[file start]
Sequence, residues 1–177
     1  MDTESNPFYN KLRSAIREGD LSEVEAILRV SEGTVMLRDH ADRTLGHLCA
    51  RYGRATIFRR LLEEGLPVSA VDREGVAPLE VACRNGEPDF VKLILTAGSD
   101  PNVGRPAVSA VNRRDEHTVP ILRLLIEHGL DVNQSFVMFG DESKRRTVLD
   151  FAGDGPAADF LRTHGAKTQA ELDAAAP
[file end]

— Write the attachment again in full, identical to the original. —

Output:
Sequence, residues 1–177
     1  MDTESNPFYN KLRSAIREGD LSEVEAILRV SEGTVMLRDH ADRTLGHLCA
    51  RYGRATIFRR LLEEGLPVSA VDREGVAPLE VACRNGEPDF VKLILTAGSD
   101  PNVGRPAVSA VNRRDEHTVP ILRLLIEHGL DVNQSFVMFG DESKRRTVLD
   151  FAGDGPAADF LRTHGAKTQA ELDAAAP